Online ‘World’ real to gamers

By Madeline Keleher

Spells are cast, swords clash and arrows fly as orcs, night elves, gnomes and humans fight an ongoing epic battle in Azeroth – this may sound like a fantasy, but for millions of World of Warcraft players worldwide, it is becoming reality.

Dmitri Williams, an assistant professor in Speech Communication, is researching the evolving social interactions of Warcraft.

“The players come from all walks of life,” Williams said. “The youngest players are preteens and the oldest are in their 60s and 70s, so there’s a decent range there.”

Warcraft is a massively multiplayer online role-playing game, or MMORPG, which enables people to reach higher levels by forming teams, commonly referred to as guilds, that range from 10 to 300 players.

Many players communicate with their teammates via Skype, a Voice over Internet Protocol system that transmits voices over the Internet.

“All forty players on your team can talk at once,” Williams said. “There is a whole virtual community going on within the game. I used to hang out at home with a few friends and watch TV, but now I hang out online and talk with 30 people; it’s more and less social at the same time.”

People combine the social interactions of Warcraft with their real lives. One couple from Korea even held their wedding ceremony as their characters in Warcraft.

“Warcraft was the highest selling game when it came out last year,” said a worker at EB Games, 616 E. Green St. “It’s really big on campus. Our store won a contest for selling the most copies of Warcraft in the company.”

One benefit for Warcraft’s largest group of customers, college students, is that the game is inexpensive. It costs around $40 dollars, with an additional $15 dollars a month to continue playing.

“It’s much cheaper than cable fees, phone calls and going out to the movies,” Williams said. “If you play an average of 80 hours a month for $15, that’s a lot better than $8 for a two-hour movie.”

The social interaction offered by Warcraft is not only easier on the wallet, but can be easier on the nerves.

“It’s a lot less forced than meeting people in a bar,” Williams said. “You don’t need to put on a pretense that you’re cool – I mean come on, we’re playing an online video game, we’re all nerds.”

Addiction and Consequences

One of the problems with massive multiplayer online games is that they can consume players’ lives.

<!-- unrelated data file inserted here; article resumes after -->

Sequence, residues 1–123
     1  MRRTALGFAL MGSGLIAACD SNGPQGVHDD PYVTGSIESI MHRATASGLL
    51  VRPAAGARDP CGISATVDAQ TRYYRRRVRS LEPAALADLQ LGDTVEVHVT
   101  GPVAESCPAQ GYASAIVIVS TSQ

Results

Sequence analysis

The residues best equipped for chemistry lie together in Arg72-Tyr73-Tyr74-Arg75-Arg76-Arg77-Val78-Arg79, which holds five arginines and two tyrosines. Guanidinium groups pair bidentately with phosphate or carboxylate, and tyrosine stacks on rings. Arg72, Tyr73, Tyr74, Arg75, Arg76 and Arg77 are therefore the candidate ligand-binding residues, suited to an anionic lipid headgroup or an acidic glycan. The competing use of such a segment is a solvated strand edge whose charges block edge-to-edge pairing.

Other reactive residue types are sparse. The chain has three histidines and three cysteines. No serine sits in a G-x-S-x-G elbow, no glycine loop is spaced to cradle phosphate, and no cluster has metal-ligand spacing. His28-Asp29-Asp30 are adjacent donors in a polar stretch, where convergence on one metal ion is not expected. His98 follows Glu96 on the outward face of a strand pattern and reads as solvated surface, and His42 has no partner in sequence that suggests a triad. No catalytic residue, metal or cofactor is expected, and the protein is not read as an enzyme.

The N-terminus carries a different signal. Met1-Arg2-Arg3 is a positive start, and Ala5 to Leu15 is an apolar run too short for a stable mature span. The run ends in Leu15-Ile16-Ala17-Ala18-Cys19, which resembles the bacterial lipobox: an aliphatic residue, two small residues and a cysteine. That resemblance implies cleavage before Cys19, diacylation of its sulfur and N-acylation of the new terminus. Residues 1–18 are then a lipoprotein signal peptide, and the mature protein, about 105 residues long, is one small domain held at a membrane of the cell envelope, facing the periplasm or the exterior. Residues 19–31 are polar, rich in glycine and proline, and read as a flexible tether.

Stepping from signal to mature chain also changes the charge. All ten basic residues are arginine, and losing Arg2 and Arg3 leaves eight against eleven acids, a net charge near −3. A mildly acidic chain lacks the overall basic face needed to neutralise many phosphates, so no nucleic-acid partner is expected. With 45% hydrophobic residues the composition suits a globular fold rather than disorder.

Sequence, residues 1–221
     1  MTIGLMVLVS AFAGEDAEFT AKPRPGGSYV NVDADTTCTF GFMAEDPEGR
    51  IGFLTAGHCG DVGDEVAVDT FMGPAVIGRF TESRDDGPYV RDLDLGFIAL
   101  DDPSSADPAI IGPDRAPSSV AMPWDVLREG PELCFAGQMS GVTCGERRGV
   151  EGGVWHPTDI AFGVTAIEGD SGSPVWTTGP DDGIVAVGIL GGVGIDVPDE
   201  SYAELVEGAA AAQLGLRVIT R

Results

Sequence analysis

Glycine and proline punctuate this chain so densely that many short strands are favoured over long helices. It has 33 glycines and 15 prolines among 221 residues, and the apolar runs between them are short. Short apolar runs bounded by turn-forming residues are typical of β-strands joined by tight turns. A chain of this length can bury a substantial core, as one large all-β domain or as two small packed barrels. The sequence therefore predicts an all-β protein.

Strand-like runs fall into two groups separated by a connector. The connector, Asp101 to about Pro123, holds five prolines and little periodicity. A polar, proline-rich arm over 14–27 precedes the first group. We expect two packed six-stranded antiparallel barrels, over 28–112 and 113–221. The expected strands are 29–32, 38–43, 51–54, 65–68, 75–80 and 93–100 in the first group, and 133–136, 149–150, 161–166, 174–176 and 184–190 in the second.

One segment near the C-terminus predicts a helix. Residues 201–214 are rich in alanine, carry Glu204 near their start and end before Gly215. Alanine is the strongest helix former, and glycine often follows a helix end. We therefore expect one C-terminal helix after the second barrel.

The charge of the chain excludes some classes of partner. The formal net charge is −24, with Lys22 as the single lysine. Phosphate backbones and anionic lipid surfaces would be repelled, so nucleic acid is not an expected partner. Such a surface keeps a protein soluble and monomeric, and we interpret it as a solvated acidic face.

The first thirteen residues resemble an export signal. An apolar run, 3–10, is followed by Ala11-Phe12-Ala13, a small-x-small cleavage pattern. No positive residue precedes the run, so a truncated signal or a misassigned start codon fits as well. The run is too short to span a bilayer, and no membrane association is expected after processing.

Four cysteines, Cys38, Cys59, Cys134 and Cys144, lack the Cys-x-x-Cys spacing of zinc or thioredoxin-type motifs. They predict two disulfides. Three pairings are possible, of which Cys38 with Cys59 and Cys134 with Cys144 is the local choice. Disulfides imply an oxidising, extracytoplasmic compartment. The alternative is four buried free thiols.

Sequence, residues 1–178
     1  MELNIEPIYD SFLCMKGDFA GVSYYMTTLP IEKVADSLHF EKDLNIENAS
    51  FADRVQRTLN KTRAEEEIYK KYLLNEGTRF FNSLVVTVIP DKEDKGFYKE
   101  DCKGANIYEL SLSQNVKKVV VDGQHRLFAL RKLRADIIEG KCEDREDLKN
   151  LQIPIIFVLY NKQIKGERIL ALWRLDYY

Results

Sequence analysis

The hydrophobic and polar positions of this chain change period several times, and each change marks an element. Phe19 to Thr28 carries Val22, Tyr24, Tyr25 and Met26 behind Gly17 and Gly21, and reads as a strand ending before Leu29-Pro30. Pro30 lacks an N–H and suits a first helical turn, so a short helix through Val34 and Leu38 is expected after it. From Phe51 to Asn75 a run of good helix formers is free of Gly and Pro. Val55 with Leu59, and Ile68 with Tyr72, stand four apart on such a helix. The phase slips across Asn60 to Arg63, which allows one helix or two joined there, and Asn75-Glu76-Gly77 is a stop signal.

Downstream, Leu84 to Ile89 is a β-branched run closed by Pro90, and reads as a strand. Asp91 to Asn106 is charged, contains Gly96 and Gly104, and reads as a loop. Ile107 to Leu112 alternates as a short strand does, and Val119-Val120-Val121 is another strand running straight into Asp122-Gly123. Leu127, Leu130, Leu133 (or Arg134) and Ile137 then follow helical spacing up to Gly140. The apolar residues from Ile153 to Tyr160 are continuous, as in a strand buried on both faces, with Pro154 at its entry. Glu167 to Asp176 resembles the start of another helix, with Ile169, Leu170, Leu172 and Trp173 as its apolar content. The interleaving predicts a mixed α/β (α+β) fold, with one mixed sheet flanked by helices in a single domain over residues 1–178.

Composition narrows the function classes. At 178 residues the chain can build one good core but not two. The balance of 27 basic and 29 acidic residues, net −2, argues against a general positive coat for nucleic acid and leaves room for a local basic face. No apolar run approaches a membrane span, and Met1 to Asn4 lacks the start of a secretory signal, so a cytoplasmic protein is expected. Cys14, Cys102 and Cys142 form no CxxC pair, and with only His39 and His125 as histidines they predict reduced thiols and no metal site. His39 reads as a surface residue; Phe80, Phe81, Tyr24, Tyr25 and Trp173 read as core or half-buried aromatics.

After World of Warcraft’s release in the fall of 2004, Sherwin Chan, University alumnus, said his playing time varied from three to 14 hours a day while in school.

Although Chan was able to balance school and playing, he said some of his friends were not able to cope.

“I know several people personally who have had their grades plummet; some are even under academic probation at this moment as a result of playing World of Warcraft,” Chan said. “I have seen some who drop or reschedule classes to accommodate their playing.”

Chan broke his addiction with help from his real-life friends who were concerned that playing Warcraft was affecting his general health and well-being.

“The main reason I was able to break my addiction is because I realized how important my real-life friends were to me,” Chan said. “Now, World of Warcraft is the last item on my priority list rather than the first.”

Unfortunately, not everyone deals with their addiction and some require professional help.

According to the Associated Press, Europe opened its first detox center for video game addiction in Amsterdam, Netherlands this summer.

Several cities in China now offer clinics to treat what psychiatrists call “internet addiction”. The Associated Press reported that a 13-year-old Chinese boy jumped to his death from a tall building after playing one of the online Warcraft games for 36 hours straight in 2004. His suicide note said he wanted “to join the heroes of the game he worshipped.”

Chan agrees that Warcraft is a highly addictive game because of constant worries about improving characters and getting to the next level. Chan also said some people play to cope with depression.

Balancing Fantasy and Reality

Liz Wooley knows all too well the negative consequences of gaming addiction.

On Thanksgiving day in 2001, her son committed suicide in his apartment, with the massive multiplayer online game EverQuest still lit up on his computer monitor.

This event triggered Wooley’s quest to fight for people with online gaming addictions. She created the Web site On-Line Gamers Anonymous, www.olganon.org, which adopts the twelve-step treatment program used by Alcoholics Anonymous.

“I believe that for home-bound people (online interaction) is great,” Wooley said. “But anybody else who can get out, it hampers their real life. “

One problem Wooley sees with online gaming is that the accomplishments and confidence are artificial and do not translate to the real world.

“The leaders in these games are not leaders in real life,” Wooley said.

As of publication, there are over 2,200 registered users on the OLGA Web site message boards. Members can use these message boards to share their stories with others and get help.

“It’s great to see that there is a study that is trying to quantify (these effects),” said Kimberly Thompson, associate professor of Risk Analysis and Decision Science at the Harvard School of Public Health, of Williams’ study. “There are concerns, obviously, about people being excluded and being anti-social while playing these games.”

Illinois passed the Safe Games in Illinois Act last June, banning the sale of violent and sexually explicit video games to minors It required stores to mark these games using the same parental advisory stickers used on CDs.

However, the law was found unconstitutional before it could be enacted this past January. The state has also been sued by the Entertainment Software Association and is required to pay more than $510,000 in the ESA’s legal fees.